Bedpans to outcomes: Why can’t we quantify nursing care? KevinMD |Amanda Anderson, RN | Conditions | September 5, 2016
Thanks to Hollywood, most people equate nursing to following doctor’s orders, making patients comfortable, and giving medications and bedpans. The word “assessment,” which is the bulk of a nurses’ responsibility, falls foreign.
This disconnect between stereotype and understanding, is, I believe, largely our own professional fault, and until nurses deliberately explain their complex work of care, our professional battles for workplace and workforce improvement and, in direct connection, the quality of care we provide, will continue to remain buried in the graveyard of bad bedpan jokes and unsolved professional problems.
Wow, that’s a long sentence!
Perhaps this lack of nurse-led visibility has to do with our inability to quantify the complex nature of our primary skill: the science of care.
Physicians, with the central function to diagnose, might have an easy advantage. Diagnostics are largely quantifiable — the skill can be easily translated and replicable in research, data, and even conversation.
In contrast, care, which is the primary nursing skill, equally complex and patient-specific, remains difficult to quantify.
Although it has been studied for decades, nursing care’s complexities can often slip between quantifiable parameters, and thus, out of public dialogue.
This is exactly the same problem we have with pain “care”:
there is no way to quantify the experience of pain or its relief.
One patient, deemed ready for transfer to the less acute observation floor, gave her pause. His heart rate was a touch too high, and his blood pressure equally too low, albeit both in the normal range. His blood counts had dropped some over the past day, but not abnormally, considering his recent surgery.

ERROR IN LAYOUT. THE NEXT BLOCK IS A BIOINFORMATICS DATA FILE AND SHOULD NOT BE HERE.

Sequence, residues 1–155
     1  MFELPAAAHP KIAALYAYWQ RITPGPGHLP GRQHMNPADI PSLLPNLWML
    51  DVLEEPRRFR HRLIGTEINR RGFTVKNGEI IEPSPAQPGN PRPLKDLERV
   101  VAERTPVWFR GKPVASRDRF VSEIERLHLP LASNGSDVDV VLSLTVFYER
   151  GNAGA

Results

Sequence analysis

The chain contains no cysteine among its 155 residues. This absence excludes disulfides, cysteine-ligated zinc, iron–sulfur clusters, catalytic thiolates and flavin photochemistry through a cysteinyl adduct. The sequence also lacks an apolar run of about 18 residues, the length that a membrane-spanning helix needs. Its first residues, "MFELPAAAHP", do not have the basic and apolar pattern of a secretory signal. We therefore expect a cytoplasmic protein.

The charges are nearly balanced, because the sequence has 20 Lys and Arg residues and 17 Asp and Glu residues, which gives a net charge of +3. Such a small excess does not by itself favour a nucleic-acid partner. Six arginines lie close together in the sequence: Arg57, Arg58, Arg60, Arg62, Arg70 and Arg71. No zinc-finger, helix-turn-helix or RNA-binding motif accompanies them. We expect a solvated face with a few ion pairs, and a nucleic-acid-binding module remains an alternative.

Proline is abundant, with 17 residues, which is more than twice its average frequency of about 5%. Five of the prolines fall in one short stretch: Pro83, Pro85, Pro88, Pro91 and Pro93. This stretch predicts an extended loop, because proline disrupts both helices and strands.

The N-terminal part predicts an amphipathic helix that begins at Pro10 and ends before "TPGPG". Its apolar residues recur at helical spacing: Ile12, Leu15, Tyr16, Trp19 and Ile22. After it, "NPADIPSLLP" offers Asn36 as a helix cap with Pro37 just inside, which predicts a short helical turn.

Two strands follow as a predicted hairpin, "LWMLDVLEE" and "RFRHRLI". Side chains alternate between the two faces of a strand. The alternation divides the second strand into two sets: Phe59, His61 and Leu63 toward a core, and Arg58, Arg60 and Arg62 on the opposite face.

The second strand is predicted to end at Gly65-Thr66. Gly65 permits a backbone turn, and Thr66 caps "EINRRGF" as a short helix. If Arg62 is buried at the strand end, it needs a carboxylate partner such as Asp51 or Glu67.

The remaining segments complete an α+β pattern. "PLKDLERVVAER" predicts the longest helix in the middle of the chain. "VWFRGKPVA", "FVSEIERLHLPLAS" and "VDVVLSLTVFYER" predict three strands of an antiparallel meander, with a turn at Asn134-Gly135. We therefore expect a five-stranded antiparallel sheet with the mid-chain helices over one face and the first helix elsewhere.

He looked — on paper, and in person — OK to transfer.
Again, we see the curse of “invisible illness”. As humans, we prioritize and put our trust into what we physically see far too highly.
But there was a nagging alarm in my friend’s gut, and she told the surgeon, who trusted her intuition and immediately took the patient back to the OR, trumping another surgeon’s schedule.
It seems almost impossible to believe such a rarity: a surgeon who trusts a nurse enough to take drastic action. This surgeon is a hero for bucking the long-standing conter-productive social norm of doctors not listening to their troops.
He found three liters of blood in the patient’s chest. The timing of the lab draws had masked a slow bleed from one of his stitches, and if undetected, the patient would have decompensated quickly, making intervention impossible.
Instead, because of his nurse’s hunch, he was saved.
I asked my friend what made her act on this feeling she had. Why did she trump logic for intuition? What if she had been wrong and the patient was re-opened for nothing? She couldn’t say. She couldn’t quantify the care that she gave, even though she knew that her patient needed further intervention, without knowing how to describe why.
Nurse researcher Patricia Benner, in her seminal book, From Novice to Expert, describes my friend’s care as expert-level, the pinnacle of nursing experience, while acknowledging it’s near-impossibility to quantify,
“… a deep understanding of the total situation; the chess master, for instance, when asked why he or she made a particularly masterful move, will just say: ‘Because it felt right.’”
It is this inability to explain our most complex, expert-level work that trips us up in the public eye, but it is also this complexity that demands reform of healthcare systems and nursing requirements of care.
A nurse with ten patients cannot learn to think beyond the face-value assessments that she whizzes through.
A nurse with fifteen ER patients can’t listen for the subtle signs of danger when the bells of half of them are ringing for emesis basins or pain medicine.
A nurse without a strong foundation of education can’t determine when to think past tasks and into the realm of deep intuition.
So, the next time you think of telling a nurse a bedpan joke instead of asking about the details of nursing care, think again.
Author: Amanda Anderson is a nurse with a background in intensive care who currently works in health care administration.